VA loans are designed to help veterans, and the surviving spouses of veterans, apply for and obtain financing for a home. As a loan officer, knowledge of VA loans and how you can serve veterans is paramount in their ability to purchase a home.
Here is what you need to know about VA loans as a loan officer:
Applicants Need A VA Approved Lender
VA loans are privately funded and partially backed by the Department of Veteran Affairs and funded by private lenders. As such, applicants will need a VA approved lender with the resources and knowledge to guide them through the ins and outs of VA loans.
Applicants Need To Provide A Certificate Of Eligibility
Before applicants can get preapproved for a VA loan, they must first obtain a Certificate of Eligibility (COE) from the U.S. Department of Veteran Affairs. This certificate confirms to the lender that the applicant qualifies for a VA loan and can continue to choose their preferred loan type, such as:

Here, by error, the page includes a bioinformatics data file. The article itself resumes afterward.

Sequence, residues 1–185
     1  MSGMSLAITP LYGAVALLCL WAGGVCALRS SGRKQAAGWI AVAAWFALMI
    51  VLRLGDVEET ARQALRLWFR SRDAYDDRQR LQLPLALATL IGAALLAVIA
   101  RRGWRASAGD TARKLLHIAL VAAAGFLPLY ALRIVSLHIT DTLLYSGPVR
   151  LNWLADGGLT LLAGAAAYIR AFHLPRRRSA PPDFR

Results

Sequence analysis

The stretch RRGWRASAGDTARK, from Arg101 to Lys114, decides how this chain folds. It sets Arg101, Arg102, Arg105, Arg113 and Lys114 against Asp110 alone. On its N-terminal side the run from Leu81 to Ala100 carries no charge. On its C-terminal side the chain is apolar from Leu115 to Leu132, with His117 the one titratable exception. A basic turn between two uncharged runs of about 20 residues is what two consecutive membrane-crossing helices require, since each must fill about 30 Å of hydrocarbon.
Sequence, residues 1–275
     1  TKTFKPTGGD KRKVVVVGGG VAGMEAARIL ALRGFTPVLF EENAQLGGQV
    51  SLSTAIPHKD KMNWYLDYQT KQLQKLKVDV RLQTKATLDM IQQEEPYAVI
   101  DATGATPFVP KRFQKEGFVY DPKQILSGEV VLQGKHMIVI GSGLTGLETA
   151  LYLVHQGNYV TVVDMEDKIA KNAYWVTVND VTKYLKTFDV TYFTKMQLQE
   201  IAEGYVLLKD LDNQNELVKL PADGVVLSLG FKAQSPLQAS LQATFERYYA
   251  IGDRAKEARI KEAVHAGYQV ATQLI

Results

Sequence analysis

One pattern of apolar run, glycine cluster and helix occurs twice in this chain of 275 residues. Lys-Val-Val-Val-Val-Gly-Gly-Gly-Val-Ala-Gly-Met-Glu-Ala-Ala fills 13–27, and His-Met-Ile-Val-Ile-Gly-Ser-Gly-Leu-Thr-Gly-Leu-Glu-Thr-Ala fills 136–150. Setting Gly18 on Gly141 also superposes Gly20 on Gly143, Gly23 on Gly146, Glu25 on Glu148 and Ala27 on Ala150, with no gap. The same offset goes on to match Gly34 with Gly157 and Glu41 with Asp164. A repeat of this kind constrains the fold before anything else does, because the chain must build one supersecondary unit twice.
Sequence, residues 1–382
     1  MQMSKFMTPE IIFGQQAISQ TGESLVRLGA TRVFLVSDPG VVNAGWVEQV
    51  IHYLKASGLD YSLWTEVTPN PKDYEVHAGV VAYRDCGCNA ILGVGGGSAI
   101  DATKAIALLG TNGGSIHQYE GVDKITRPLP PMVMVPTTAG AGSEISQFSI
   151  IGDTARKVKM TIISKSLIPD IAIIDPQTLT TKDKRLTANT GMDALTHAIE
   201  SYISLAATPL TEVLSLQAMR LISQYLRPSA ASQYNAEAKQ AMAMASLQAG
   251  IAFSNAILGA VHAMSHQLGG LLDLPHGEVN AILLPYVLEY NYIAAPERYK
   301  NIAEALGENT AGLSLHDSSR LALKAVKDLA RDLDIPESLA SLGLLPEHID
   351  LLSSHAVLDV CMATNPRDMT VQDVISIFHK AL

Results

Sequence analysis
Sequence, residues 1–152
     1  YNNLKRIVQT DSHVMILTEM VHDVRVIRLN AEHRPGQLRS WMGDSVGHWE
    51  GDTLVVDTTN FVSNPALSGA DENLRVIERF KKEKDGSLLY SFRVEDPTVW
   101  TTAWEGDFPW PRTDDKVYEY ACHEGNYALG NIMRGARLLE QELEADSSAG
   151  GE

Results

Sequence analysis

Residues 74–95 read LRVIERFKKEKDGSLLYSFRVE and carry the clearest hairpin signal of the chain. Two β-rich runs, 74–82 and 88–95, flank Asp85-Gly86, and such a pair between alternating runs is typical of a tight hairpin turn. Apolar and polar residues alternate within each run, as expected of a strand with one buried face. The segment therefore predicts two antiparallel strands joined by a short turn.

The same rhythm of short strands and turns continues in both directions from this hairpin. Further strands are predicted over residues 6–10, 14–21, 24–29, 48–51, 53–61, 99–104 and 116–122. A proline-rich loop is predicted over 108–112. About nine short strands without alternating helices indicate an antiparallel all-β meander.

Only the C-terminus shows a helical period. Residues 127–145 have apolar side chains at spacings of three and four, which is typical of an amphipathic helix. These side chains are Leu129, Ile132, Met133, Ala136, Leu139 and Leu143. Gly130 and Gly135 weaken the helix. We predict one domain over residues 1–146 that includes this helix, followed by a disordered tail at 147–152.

- Native American Direct Loan (NADL)
- Purchase loan
- Cash-out refinance loan
- Interest Rate Reduction Refinance Loan (IRRRL)
If the applicant has previously purchased a home with a COE, they may be able to get the entitlement “restored” in order to purchase another home with a VA loan.
Applicants Can Get Lower Down Payments & Interest Rates
VA loans have lower down payment requirements, thanks to their backing by the Department of Veteran Affairs. In fact, up to 90% of borrowers used a VA loan with no down payment, while others paid as little as 5%.
Applicants Need To Be Aware Of Program Changes
The VA loan program can change at any time and applicants need to be kept up to date. Programs changes can affect their eligibility and features such as the size of zero-down VA loans. For example, the Blue Water Navy Vietnam Veterans Act of 2019 went into effect on January 1, 2020 and was a change from where there were amount limits specified for a veteran’s county.